“I can’t imagine why a ferry captain would think a small sailboat WOULDN’T get out of his way”

Any captain or watchkeeper who held this view does not deserve to be at sea, and again, it was agreed by all the guys, and the lady, that this was a very dangerous view.


I’m pretty sure that the above will get pulled apart by someone, but the above is the view held by the mates on my boat.

In conclusion, I asked for a general opinion on how well the participants in the thread knew, and applied the COLREGS. It was generally agreed that most had a pretty good understanding of the COLREGS, and interpretation of the COLREGS was good.
But, sorry Raku, they did make a request that you stay on your side of the pond.


Lastly, just to clear things up, I drive tug boats, but to give you an idea of a tug boat, this is one of the boats I get to drive.
This thing could well be bigger than the ferry in the discussed incident. A draught of over 25 feet, length of 300 feet, gross tonnage is 6800.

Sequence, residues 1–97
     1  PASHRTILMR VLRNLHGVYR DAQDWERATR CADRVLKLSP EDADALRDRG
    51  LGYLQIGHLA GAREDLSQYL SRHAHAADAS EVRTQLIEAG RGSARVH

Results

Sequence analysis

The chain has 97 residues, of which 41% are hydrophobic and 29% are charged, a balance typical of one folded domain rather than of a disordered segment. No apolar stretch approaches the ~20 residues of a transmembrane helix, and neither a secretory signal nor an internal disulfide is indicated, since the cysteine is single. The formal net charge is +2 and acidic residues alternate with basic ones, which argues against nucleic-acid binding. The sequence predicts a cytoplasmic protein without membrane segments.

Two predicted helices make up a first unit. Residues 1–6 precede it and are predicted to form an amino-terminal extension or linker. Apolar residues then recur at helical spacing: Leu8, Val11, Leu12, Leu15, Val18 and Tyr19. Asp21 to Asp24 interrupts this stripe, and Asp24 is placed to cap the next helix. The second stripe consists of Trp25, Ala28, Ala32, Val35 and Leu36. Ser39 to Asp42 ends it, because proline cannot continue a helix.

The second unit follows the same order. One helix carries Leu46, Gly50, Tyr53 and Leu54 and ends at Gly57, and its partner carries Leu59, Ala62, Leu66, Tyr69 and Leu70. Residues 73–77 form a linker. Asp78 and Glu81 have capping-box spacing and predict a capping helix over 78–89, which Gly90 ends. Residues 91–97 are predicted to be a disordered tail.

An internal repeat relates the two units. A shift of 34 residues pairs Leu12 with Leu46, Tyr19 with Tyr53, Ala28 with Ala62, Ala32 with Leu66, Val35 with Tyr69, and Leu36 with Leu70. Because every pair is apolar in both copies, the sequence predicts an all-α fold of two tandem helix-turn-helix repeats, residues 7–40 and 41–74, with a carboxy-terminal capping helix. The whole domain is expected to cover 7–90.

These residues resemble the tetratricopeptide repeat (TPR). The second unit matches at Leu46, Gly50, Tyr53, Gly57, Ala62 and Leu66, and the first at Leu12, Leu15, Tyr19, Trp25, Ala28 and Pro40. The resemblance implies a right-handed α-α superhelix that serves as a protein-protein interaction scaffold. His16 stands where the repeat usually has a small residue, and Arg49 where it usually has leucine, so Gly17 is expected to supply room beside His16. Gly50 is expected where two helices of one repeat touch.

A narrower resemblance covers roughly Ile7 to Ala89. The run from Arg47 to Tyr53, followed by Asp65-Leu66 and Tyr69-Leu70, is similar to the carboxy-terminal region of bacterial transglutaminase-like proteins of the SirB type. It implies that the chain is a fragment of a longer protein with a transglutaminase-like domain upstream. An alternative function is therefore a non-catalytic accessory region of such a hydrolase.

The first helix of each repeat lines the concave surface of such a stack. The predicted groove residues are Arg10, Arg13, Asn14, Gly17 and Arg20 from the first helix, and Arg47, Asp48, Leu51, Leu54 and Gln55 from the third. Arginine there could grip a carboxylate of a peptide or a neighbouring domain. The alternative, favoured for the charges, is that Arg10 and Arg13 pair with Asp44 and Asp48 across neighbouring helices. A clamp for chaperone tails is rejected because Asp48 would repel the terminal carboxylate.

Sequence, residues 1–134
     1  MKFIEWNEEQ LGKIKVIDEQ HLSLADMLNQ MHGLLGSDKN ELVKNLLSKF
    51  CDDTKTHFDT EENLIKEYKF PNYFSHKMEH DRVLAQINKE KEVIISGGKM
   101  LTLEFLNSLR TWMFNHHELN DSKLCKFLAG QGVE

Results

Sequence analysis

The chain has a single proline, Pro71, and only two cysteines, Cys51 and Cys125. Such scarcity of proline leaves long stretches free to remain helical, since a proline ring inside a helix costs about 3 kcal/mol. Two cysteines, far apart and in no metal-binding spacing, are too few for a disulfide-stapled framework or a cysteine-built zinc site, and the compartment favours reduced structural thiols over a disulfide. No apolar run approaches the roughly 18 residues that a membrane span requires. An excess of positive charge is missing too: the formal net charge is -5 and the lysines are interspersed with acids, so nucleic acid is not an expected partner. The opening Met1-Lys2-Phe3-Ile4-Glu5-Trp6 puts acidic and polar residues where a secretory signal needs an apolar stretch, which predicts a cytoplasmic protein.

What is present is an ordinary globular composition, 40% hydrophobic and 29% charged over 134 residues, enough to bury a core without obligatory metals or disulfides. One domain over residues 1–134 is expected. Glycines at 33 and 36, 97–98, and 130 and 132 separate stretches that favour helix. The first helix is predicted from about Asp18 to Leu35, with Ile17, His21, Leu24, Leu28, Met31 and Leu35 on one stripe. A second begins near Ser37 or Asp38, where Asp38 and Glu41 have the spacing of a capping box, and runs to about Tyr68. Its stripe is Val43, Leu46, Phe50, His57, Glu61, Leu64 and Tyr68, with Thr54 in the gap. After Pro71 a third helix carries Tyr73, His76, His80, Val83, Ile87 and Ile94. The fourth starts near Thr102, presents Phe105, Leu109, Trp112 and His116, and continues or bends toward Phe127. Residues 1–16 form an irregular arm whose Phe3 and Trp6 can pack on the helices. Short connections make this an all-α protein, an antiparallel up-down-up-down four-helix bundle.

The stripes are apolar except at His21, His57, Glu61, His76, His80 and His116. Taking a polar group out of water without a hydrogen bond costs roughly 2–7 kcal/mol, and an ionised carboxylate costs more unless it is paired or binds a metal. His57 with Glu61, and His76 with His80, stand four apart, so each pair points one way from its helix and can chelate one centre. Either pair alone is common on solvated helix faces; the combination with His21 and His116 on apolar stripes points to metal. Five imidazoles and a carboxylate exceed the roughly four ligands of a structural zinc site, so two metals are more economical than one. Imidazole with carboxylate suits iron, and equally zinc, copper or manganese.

Manoeuvrable ??. On passage, we have to limit the rudder to less than 5 degree’s, anything more and she turns way to fast, and develops a pretty good angle of heel, hard over would have the cook complaining to the bridge that dinner was on the galley deck

And note, only one mast, and the accommodation is at the wrong end as compared to most ships, so just how easy would it be to work out the aspect of this boat if it pops up over the horizon??
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Old 23-09-2013, 12:07   #2
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Re: Big Ship Little Boat, who Gives way

Nigel,

Excellent information...would you please comment on the reaction on the bridge when a sailboat contacts you on VHF at 8 nm distance.

Phil
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Old 23-09-2013, 12:12   #3